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Apple’s next iPad mini may have better screen

Apple’s iPad mini is likely getting a better screen in its next iteration, at least according to a report from the Taiwanese tech site Digitimes. The iPad mini does not have the sharp retina-quality display that’s been on the last two full-sized iPad models, which has been a main complaint about the smaller tablet.

Digitimes, which tries to get a read on Apple’s next move by chatting with sources in its supply chain, does have a bit of a spotty record on company rumors. But the latest report, which says Apple is “highly likely” to include a better screen, lines up well with what most people expect for the next version of the smaller tablet.

SlashGear reported last month that Apple may be working with one of its suppliers, AU Optronics, to improve the display on the iPad mini.

The move would make sense given Apple’s penchant for putting the high-quality displays — which are supposed to make pixels indistinguishable at a normal viewing distance — on its iPads, iPhones, iPods and Macs. Adding the iPad mini to that mix, particularly as more app developers upgrade their apps for retina displays, is a logical next step.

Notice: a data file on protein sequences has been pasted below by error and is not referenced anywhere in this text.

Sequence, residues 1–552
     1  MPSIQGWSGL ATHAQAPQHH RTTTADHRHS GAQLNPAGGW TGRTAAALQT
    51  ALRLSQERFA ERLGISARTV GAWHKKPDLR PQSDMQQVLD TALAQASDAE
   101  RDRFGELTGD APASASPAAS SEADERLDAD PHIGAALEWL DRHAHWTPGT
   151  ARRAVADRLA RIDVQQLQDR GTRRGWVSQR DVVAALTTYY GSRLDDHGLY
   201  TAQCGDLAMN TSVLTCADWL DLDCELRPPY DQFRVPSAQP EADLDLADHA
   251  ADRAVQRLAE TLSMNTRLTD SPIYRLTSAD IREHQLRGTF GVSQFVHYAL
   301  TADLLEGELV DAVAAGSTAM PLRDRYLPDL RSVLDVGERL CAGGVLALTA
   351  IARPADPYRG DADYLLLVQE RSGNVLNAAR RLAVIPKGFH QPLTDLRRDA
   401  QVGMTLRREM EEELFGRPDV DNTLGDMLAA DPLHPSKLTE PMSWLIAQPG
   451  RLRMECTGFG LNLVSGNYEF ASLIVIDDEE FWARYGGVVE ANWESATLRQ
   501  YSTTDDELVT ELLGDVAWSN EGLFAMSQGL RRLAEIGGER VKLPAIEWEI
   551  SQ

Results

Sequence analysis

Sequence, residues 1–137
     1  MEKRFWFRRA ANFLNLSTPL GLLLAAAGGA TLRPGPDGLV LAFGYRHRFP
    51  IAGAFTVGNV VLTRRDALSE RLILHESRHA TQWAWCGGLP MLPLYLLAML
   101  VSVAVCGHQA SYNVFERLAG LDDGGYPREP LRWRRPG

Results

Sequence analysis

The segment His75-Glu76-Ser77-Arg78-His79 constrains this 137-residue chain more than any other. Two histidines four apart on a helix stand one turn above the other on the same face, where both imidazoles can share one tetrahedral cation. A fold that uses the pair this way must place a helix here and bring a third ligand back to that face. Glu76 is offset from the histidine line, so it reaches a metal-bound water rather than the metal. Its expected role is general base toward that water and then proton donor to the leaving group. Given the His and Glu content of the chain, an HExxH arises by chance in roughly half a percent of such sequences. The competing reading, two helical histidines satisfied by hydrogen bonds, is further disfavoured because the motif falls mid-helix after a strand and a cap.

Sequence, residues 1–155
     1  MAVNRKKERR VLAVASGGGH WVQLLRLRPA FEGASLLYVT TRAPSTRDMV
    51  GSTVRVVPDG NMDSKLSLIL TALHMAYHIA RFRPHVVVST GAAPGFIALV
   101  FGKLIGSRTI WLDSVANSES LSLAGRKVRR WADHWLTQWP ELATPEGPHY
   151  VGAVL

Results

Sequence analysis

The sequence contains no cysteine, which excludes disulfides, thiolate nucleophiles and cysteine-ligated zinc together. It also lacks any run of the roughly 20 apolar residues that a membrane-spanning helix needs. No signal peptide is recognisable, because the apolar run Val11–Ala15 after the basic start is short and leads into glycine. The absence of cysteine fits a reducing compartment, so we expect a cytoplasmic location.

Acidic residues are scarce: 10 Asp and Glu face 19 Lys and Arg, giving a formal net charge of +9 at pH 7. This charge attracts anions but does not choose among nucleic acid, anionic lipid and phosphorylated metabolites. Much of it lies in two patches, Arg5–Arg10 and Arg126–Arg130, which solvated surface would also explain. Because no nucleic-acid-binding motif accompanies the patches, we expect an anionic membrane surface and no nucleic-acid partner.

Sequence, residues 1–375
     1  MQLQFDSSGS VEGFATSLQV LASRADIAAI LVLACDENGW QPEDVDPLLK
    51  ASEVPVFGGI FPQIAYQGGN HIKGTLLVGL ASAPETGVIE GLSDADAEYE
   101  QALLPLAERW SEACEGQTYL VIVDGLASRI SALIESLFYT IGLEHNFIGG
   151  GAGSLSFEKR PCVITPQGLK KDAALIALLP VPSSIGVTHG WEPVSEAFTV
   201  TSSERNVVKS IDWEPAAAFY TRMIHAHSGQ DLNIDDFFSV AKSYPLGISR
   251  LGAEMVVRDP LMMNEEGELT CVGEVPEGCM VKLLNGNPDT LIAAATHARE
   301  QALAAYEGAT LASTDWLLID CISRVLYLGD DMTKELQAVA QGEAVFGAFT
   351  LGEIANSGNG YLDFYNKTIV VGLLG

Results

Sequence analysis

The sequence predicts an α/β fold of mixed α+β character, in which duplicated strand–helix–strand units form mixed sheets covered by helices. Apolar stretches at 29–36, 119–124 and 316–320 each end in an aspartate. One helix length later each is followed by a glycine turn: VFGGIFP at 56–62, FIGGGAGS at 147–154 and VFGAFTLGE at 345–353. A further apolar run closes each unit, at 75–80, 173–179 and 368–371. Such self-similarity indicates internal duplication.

There aren’t definite numbers on how well the iPad mini has been selling since its October release, though Apple said that it sold 3 million iPads the weekend that the mini and the latest full-sized iPad launched. There has been some indication that Apple is having trouble supplying enough of the devices to customers; on the company’s site the iPad mini has a shipping estimate window of one week.

Analyst Shaw Wu lowered his estimates for iPad sales overall in Apple’s fourth quarter earlier this week, citing the supply issues. He also said that iPad mini could take sales away from the latest iPad, as people opt for the smaller, more portable size. Wu said Wednesday in an analyst note that he expects Apple will sell 23.5 million iPad units, down from a previous estimate of 25 million.

Related stories:

iPhone 5, iPad mini heading to China

Apple’s iPad mini: the pros and cons

ComPost: Google Maps is back on the iPhone and will fix everything that is wrong with your life

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Hayley Tsukayama covers consumer technology for The Washington Post.



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